No matter whether it is Kopin, Varjo or some other company delivering higher resolutions to VR headsets, we are only likely to see these improvements if the headsets also include eye-tracking. Foveated rendering will be critical to making the resolution jump affordable because it’ll allow system architects to use lower cost graphics cards to draw the greatest detail only where you’ll notice it — directly in front of your eyeballs. If the manufacturer is already paying more money to put a higher resolution display inside a future VR headset, getting back some of that cost by using less expensive graphics cards could be absolutely critical.
It is arguably not a “feature”, but lowering the all-in cost of future VR systems is likely the most important advancement any company can achieve.
Facebook’s Oculus Go starts at just $200 — an incredible starting point for a mostly sit-down VR experience — while standalone headsets like the upcoming Lenovo Mirage Solo start under $400 for an experience that allows full freedom of movement for your head, but only limited freedom for your hands.
People, however, need full freedom of movement for their hands to have a truly interactive experience. That’s what Oculus showed with its latest Santa Cruz prototype in October — an all-in-one VR headset with crisp visuals and flexible hand controllers. The careful camera placement on the headset meant they even worked when I tried grabbing a virtual object behind me, without looking at it. Is Facebook willing to take a loss on a consumer version of such a device in 2019 in order to reach more people? A standalone VR headset with graphics, battery, tracking, display and great full freedom controllers is an amazing prospect — but being able to keep all of it low cost would be a true test of design skill, and it would take some leadership risk.
Microsoft has a major lead with this technology. VR headsets powered by its tracking are selling as low as $215 on Amazon as of this writing. The headsets still require a relatively expensive high-powered PC connected by a cord to work right now, but they are a major step forward from Rift and Vive in terms of convenience. The cameras on-board each of these headsets see the world around to figure out its precise position. These cameras also see controllers so you’ve got increased immersion and interactivity. With Rift and Vive, which first shipped in 2016, you have to install cameras or lasers around the outside of the room to do this.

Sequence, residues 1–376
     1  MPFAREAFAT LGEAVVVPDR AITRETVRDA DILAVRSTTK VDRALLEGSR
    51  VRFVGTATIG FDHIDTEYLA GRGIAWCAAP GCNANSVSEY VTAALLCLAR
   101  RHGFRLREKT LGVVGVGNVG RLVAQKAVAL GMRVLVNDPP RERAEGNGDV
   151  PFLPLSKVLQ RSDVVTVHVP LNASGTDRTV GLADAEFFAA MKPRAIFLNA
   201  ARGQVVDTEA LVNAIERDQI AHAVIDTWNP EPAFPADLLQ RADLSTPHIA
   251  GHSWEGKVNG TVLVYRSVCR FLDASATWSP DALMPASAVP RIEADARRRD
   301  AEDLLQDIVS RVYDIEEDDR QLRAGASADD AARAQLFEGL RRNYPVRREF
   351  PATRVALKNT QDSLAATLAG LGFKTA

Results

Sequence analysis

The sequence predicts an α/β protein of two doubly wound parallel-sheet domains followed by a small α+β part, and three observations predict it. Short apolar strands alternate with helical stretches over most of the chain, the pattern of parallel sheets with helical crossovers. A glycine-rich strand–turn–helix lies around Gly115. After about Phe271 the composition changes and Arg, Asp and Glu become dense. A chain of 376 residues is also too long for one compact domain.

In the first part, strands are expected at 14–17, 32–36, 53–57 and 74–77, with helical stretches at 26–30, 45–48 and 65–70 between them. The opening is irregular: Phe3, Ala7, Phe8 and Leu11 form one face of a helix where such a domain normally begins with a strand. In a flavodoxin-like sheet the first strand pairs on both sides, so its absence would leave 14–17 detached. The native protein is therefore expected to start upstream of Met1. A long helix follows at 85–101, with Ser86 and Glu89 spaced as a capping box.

With Santa Cruz, Facebook showed its version of inside-out tracking is catching up fast. Meanwhile, Google is powering the Lenovo headset and Qualcomm offers core tracking technology it can share with other manufacturers like HTC.
Inside-out tracking offers an important jump in convenience that will be critical to broadening the appeal of VR, but we have yet to see it combined in a compelling package with hand controllers and one more critical feature — wireless.
There are multiple paths to wireless headsets.
One approach is a high-powered processing box like a PC (or perhaps a console like an Xbox X) with a radio that broadcasts and receives a very large volume of data to and from a nearby VR headset. This approach adds a battery either to the headset or wired and clipped to your clothing.
Another approach — a standalone system — puts not just the battery but also the processing either in the headset or in a wired pack attached to your clothing.
The second approach is more portable while the first might be more cost effective for people who already invested in a PC or console capable of doing the hard work of drawing a virtual world.
Also, we have yet to see it yet, but advances with mobile phones might allow for yet another approach to wireless VR that brings together higher resolutions with great hand controllers.
Tagged with: 2019